Foods That Can Help You Sleep for Some Much-Needed ZZZs
If you're watching a movie before you hit the sack, popcorn might be your best munchie option. Carbohydrates have been shown to help bring tryptophan to your brain. Your body uses this essential amino acid (meaning your body can't produce it on its own) to make melatonin and serotonin—a hormone and neurotransmitter, respectively, that both play a key role in regulating your sleep cycle.
Since eating a heavy meal within two hours of bedtime can keep you awake, low-calorie popcorn (which has just 30 calories and 6 g of carbs in one cup of air-popped popcorn) is a great late-night snack. Instead of dousing your popcorn in butter, jazz it up with some curry powder (or one of these creative—and flavorful—toppings).
Halibut is packed with one of the main building blocks for better sleep: tryptophan, aka that amino acid that helps make melatonin and serotonin. What's more, even researchers have found a connection between the amino acid and improved sleep. A 2013 study showed that middle-aged and elderly people who consumed cereals with high levels of tryptophan had increased sleep efficiency and slept longer than those who ate cereal with lower levels. If you aren't a fish eater, you can also get your dose of tryptophan from poultry, beef, soybeans, milk, cheese, yogurt, nuts, and eggs.
The maraschino cherry on top of an ice cream sundae will probably lead to a sugar rush, but sweet and tart cherries are actually one of the best foods that help you sleep. Why? Melatonin. In a small study, participants drank a placebo or tart cherry juice concentrate for one week. Researchers found that those who drank the cherry juice had significantly higher melatonin levels, spent more time in bed, and slept longer and better.
Another reason you might want to add tart cherries to your diet: They may aid in muscle recovery. Researchers found that those who drank a cherry juice blend twice a day for eight days and performed bicep curls on the fourth day had fewer symptoms of exercise-induced muscle damage and maintained their strength more than those who drank the placebo.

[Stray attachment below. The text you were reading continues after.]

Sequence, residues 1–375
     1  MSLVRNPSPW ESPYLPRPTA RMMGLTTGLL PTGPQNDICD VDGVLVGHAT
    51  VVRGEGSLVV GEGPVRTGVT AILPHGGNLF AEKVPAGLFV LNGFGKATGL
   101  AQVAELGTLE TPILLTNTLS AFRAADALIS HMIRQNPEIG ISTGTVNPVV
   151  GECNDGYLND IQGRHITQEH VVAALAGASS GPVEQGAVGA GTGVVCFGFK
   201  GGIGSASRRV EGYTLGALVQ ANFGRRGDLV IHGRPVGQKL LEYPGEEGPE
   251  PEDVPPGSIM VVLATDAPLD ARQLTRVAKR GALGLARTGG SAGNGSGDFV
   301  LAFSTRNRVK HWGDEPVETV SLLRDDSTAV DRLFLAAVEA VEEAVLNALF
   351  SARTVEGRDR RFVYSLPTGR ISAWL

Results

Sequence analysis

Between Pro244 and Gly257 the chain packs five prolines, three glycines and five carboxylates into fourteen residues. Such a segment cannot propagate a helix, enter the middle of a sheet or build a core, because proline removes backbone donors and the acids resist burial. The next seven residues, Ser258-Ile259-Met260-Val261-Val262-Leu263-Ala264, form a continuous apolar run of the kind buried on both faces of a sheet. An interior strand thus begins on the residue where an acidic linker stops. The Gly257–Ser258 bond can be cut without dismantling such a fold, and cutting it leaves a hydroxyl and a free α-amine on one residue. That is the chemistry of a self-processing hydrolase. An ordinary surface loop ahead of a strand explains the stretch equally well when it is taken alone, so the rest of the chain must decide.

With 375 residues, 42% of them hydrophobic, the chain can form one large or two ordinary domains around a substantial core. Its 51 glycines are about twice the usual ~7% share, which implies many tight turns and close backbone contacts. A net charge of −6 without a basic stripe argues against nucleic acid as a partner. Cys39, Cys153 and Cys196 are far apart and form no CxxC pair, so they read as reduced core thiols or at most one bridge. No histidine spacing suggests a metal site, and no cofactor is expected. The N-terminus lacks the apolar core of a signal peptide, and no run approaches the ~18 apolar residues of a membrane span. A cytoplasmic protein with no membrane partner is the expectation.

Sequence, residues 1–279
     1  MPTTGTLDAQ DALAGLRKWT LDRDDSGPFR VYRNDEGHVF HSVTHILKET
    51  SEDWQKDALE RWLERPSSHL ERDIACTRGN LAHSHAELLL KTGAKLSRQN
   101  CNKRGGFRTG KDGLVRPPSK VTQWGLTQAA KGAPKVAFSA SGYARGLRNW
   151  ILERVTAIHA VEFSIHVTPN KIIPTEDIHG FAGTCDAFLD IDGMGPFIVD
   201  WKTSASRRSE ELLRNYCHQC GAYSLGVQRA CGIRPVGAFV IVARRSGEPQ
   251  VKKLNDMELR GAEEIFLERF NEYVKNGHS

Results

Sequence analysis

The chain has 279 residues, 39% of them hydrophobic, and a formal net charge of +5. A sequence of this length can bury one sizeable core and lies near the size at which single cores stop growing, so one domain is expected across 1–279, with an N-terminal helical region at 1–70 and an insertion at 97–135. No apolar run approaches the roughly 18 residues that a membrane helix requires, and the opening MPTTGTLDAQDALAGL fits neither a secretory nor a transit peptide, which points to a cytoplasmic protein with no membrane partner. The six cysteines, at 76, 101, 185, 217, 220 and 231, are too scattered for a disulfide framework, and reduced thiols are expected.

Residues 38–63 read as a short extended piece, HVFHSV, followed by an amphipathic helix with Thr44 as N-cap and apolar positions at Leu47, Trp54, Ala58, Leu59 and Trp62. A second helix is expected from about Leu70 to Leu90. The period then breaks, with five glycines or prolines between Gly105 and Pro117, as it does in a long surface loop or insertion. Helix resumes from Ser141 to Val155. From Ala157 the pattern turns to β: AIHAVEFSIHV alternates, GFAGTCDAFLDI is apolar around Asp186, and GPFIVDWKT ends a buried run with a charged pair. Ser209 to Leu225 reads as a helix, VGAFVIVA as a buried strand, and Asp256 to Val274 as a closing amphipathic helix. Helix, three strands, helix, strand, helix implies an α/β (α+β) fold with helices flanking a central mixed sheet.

But you don't have to chug tongue-curling juice to catch some ZZZs, which is when muscle repair happens, BTW. Studies have shown that both the quality and quantity of sleep improved after consuming both sweet and tart cherries. Snack on the fruit throughout the day or gulp down a glass of juice to get the slumber benefits.
Garbanzo Beans (Chickpeas)
Who knew the star of the show in hummus could actually be one of the secret foods that help you sleep? Researchers have found that high-fiber garbanzo beans are rich in tryptophan—220 mg per 100 g (about 1/4 of a can) to be exact. Try sprinkling garbanzo beans on top of your salad for a satisfying crunch, mixing them into stews, or concocting a protein-packed meal.
Though there are few clinical trials evaluating chamomile tea's effectiveness as a food (well, drink) that helps you sleep, chamomile has long been used as a way to treat insomnia and generate calming effects in both drinks and essential oils. One study on 80 postnatal women, however, showed that those who drank chamomile tea for two weeks had higher sleep quality than those who didn't. So break out your favorite mug and turn on the kettle.
Turns out, a small dose of sugar can actually help you catch some ZZZs. Research has shown that a rise in blood sugar can reduce the production of orexin, a neurotransmitter that's been linked to wakefulness, in the brain. For a one-two punch of foods that help you sleep, try drizzling a small amount of honey in your chamomile tea. (BTW, manuka honey isn't your run-of-the-mill golden sweetener.)
Known for its fuzzy peels and high vitamin C content, kiwi is also one of the under-the-radar foods that help you sleep. In a small 2011 study, participants who ate two kiwis an hour before bed for four weeks reported an increase in total sleep time and sleep efficiency, as well as a decrease in the amount of time they spent lying awake after initially falling asleep. So before you head to bed, make sure you munch on one of these kiwi-centric recipes.
Time to load your plate with tempeh. Soybeans have been found to be positively associated with sleep quality, thanks to the bean's isoflavones, which are similar to estrogen and thought to regulate sleep duration and quality like the hormone. As one of the best foods that help you sleep, soybeans also contain tryptophan, that amino acid that helps produce melatonin and serotonin, and L-ornithine, which can reduce stress and anxiety and thus improve sleep quality. (Related: WTF Is Natto—and Should You Try It?)
When you're feeling snacky before bedtime, a handful of walnuts might do you—and your night's sleep—some good. A study on the nutritional content of four walnut varieties found that the nut is loaded with melatonin, serotonin, and magnesium, which has been shown to increase the length of sleep time, sleep efficiency, and concentration of melatonin. If you're sick of trail mix, make a batch of this side dish featuring the top-notch food that helps you sleep. (Related: The 10 Healthiest Nuts and Seeds)